16 sept. 2015

Awakenings (8/10): In which Williams awakens the great De Niro

“People have forgotten what life is all about. They've forgotten what it is to be alive. They need to be reminded.”
Following the huge success of her 80’s comedy, Big, director Penny Marshall decided to approach a much more sensitive and serious subject matter in her next film based on Oliver Sacks’ semi-biographical book about his work in a ward with patients in catatonic state. Robin Williams was cast to play Dr. Sacks, although the character’s name was changed to Dr. Malcolm Sayer, a shy doctor who prior to have been hired at the ward had very little experience working with patients. He was obsessed with researching and doing lab work, but those skills came in handy when he began treating the catatonic patients at the ward. He discovered that several of the patients that had been in the ward for decades had one thing in common: they had survived a rare form of encephalitis, but the disease left them in their current catatonic state. Most of the doctors believed there was no treatment for these patients, but he began to discover that some of them responded to certain stimuli. Not giving up on them, he decides to attend a lecture where he discovers a new drug that had been effective on patients suffering from Parkinson’s, and he believes it might just help awake his patients as well. 

Casting Robin Williams for the role and having released this only two years after the commercial success of Big, one could easily have expected this to be a comedy, but casting Robert De Niro as the other lead easily put to rest that assumption. De Niro had also worked on Goodfellas the same year as this and he continued to be at the prime of his career. In Awakenings he plays Leonard Lowe, one of the patients who has remained in the same state for nearly four decades and who is still being cared for by his mother, Mrs. Lowe (Ruth Nelson), at the clinic. With the approval of the other doctors at the ward and Leonard’s mother, he is chosen for a trial run with the drug. It doesn’t take too long for Dr. Sayer to see the results he was expecting as Leonard seems to wake up from his catatonic state. The two begin to form a special bond and the positive results induce Sayer to test the drug on the rest of the patients in the ward in a similar way. As we become witnesses of Leonard’s awakening we also begin to see life through his eyes as someone who feels he has lost so many years and now wants to enjoy life to the fullest. His awakening serves the reclusive Doctor as a reminder to begin living life and enjoying human interaction. There is a sub plot revolving his relationship with a nurse from the ward played by Julie Kavner, but the main theme is Sayer’s relationship with these patients.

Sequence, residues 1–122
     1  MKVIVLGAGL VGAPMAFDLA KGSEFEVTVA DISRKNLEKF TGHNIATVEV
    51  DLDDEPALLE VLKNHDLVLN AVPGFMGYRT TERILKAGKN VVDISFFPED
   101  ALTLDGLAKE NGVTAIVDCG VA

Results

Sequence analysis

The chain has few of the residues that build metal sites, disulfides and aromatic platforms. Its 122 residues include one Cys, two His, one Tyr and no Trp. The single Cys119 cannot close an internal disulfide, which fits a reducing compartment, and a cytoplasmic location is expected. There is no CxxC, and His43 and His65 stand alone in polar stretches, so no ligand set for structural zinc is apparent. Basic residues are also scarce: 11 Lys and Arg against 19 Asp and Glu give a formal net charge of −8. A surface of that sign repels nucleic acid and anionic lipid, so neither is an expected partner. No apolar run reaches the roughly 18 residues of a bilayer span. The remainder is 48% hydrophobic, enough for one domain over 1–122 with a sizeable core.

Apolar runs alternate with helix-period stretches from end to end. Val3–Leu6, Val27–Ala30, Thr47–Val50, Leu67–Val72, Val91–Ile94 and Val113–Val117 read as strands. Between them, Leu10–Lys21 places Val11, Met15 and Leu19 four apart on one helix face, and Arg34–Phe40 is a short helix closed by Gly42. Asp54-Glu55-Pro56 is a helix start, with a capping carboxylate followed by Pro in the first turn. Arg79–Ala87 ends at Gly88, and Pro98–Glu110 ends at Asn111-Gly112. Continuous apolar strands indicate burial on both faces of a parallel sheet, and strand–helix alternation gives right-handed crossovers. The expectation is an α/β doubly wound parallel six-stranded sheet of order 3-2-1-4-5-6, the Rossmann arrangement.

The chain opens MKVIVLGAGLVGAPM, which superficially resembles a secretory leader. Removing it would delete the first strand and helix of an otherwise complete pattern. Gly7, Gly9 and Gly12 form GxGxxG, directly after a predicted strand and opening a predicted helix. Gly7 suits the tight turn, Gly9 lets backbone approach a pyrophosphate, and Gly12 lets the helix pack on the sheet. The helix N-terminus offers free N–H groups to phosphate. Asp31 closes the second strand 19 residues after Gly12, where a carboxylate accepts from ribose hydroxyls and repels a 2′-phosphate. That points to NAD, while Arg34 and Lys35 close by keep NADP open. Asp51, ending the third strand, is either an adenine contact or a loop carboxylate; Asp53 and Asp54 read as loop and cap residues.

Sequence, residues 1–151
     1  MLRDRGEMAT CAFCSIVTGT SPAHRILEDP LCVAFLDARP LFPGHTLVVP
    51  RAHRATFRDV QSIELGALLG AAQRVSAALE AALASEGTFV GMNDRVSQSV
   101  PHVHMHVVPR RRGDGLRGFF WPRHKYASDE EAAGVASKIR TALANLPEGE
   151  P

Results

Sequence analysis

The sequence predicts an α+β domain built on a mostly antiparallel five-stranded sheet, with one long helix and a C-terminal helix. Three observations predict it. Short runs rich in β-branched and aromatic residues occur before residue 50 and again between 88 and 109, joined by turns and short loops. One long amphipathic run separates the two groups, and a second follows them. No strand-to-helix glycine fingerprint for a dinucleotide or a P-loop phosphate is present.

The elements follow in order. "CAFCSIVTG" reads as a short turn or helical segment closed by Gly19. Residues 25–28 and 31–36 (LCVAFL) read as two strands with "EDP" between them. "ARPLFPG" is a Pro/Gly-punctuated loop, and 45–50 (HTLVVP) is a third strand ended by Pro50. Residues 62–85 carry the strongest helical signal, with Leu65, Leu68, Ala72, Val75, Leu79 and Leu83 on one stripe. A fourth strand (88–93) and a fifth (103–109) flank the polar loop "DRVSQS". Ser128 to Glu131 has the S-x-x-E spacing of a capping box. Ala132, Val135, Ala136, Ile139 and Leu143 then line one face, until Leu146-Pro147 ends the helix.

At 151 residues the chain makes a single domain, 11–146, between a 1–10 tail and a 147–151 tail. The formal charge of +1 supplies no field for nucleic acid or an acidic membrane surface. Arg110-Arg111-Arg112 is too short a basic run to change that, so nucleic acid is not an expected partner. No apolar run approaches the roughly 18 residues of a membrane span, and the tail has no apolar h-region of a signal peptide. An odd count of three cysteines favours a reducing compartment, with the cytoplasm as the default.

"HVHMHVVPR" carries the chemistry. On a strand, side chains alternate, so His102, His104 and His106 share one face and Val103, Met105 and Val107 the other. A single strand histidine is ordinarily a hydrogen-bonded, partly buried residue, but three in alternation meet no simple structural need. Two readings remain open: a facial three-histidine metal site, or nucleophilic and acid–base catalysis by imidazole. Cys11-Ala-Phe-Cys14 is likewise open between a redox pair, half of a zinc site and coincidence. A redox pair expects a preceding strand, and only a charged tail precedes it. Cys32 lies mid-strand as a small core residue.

Marshall’s film was nominated for Best Picture, and just like her previous movie it also earned a nomination for the lead actor, De Niro. De Niro does a superb job playing this awakened catatonic patient, and it is evident that he did his homework and studied every single facial and body tic of the real patients. Sacks had filmed his patients in real life during their awakening periods and so there was a lot of material they had to work with. Robin Williams plays a much more restrained character than what we were used to seeing him do, so his performance might not seem as delightful as his other films but he delivers a solid dramatic turn. The third nomination that the film received was for Steven Zaillian’s adapted screenplay which was powerful. He didn’t win the Oscar for this film, but he went on to win it two years later for his work in Schindler’s List. Spielberg said it was his adaptation in Awakenings that earned him the job for his film. This movie is emotional and touching without being manipulative because it sticks to the true story which was definitely one that had to be told in the big screen.         

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